After all this, our ambition was well and truly thwarted when we headed over to Unity Park, only to find it filled to capacity with some sort of special event. There were too many children running around and it made us nervous, so we tabled the plan to go take photos of public art.

And a few hours later, to make up for the burger, we went to my favorite restaurant, whose decor features a tile mural of perhaps the world's least threatening luchador.







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"To sustain the life of a large, modern city in this cloying, clinging heat is an amazing achievement. It is no wonder that the white men and women in Greenville walk with a slow, dragging pride, as if they had taken up a challenge and intended to defy it without end." -- Rebecca West for The New Yorker, 1947

Last edited by hauntedheadnc; Mar 21, 2023 at 10:29 AM.
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  #32  
Old Posted Mar 21, 2023, 1:11 AM
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This is awesome. I love the falls running through downtown

That Brandon Mills residential conversion has to have some long-ass hallways?

Humidity sucks. I'm going to Miami in a few weeks and I can't stress enough to my native Arizonan gf how much it knocks you on your ass if you're used to arid climates.
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  #33  
Old Posted Mar 21, 2023, 10:22 AM
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This is awesome. I love the falls running through downtown

That Brandon Mills residential conversion has to have some long-ass hallways?

Humidity sucks. I'm going to Miami in a few weeks and I can't stress enough to my native Arizonan gf how much it knocks you on your ass if you're used to arid climates.
Greenville really makes the best of its little river, and anywhere you find even the suggestion of a waterfall, the city has pounced on it and enshrined it in parkland. That's the case for the big waterfall in the heart of downtown, but the smaller falls further down have been made into an attraction at the Grand Bohemian Hotel, another falls are a focal point of Cancer Survivors Park, yet another small falls are the focal point of the Rock Quarry Garden, and yet another are part of the main downtown park complex, up near the Governor's School for the Arts. Whether its a swamp, a mountain, a ditch of a river, or a waterfall of any size, Greenville knows how to make the best use of its natural assets.

Regarding that mill, you know, I took a look at the site for West Village Lofts, which is what occupies the Brandon Mill now, but it didn't show any full maps of the building. Just individual units -- which are really nice. And interesting... some of the unit designs don't have windows in the bedrooms, which probably makes for really good sleep when you don't have to worry about the sun jabbing at you through the curtains.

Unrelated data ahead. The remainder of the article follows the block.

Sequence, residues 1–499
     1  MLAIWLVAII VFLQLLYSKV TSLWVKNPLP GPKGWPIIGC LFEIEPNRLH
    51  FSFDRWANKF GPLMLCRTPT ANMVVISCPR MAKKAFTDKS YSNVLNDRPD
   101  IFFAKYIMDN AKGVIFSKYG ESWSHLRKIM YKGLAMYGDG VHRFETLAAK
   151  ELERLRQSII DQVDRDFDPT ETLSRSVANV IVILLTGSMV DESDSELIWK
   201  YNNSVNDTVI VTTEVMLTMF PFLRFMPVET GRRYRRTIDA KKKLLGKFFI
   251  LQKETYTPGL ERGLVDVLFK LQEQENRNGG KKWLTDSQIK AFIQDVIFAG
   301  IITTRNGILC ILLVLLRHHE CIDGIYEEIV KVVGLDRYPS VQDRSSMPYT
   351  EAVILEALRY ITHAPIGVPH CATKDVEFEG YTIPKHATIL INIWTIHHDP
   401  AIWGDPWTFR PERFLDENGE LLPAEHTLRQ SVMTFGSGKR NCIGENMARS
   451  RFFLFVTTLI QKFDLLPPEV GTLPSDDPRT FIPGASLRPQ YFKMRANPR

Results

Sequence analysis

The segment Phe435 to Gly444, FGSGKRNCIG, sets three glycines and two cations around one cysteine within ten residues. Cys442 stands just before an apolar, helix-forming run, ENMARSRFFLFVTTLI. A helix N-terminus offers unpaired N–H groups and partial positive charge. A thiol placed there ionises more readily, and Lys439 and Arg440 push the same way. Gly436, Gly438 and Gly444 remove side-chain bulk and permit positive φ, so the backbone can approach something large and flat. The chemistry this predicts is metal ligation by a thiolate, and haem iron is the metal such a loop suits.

And when it comes to humidity... Except for a brutal cold snap at Christmas that saw the temperature here get down to 7F, we haven't really had much of a winter. Things started blooming in February, and as March has moved along the spring has been more like what I was used to up in North Carolina: this blooms, then that, this, then that, when normally here everything blooms all at once and for a couple of weeks the entire place is swimming in flowers. However, with the spring having come so early, I've been outside busily working on my yard, trying to get as much into the ground as humanly possible before summer, and its humidity, arrive. Last year in June it was hitting 100F and above for days on end, and then July and August were slightly more reasonable but still utterly miserable. I know I'm not going to want to garden when the humidity is just sloppy outside so I'm trying to get it all done now, with the hope that over the summer I'll just need to sneak out under cover of darkness and weed things.
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"To sustain the life of a large, modern city in this cloying, clinging heat is an amazing achievement. It is no wonder that the white men and women in Greenville walk with a slow, dragging pride, as if they had taken up a challenge and intended to defy it without end." -- Rebecca West for The New Yorker, 1947

Last edited by hauntedheadnc; Mar 21, 2023 at 10:32 AM.
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  #34  
Old Posted Mar 21, 2023, 2:54 PM
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Nice set of pics! Very interesting history of the mill and its workers.

Pendleton Street looks like a nice funky business district.



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Originally Posted by hauntedheadnc View Post
Regarding that mill, you know, I took a look at the site for West Village Lofts, which is what occupies the Brandon Mill now, but it didn't show any full maps of the building. Just individual units -- which are really nice. And interesting... some of the unit designs don't have windows in the bedrooms, which probably makes for really good sleep when you don't have to worry about the sun jabbing at you through the curtains.
That's interesting about the bedrooms with no windows... I think in California, legally, for a room to be considered a bedroom, it has to have a window. I learned this decades ago when apartment hunting; for example, an apartment owner can't say that he has a 2-bedroom apartment for rent if one of the "bedrooms" doesn't have a window; it can just be a very large closet or more living space, or something.
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Old Posted Mar 21, 2023, 3:20 PM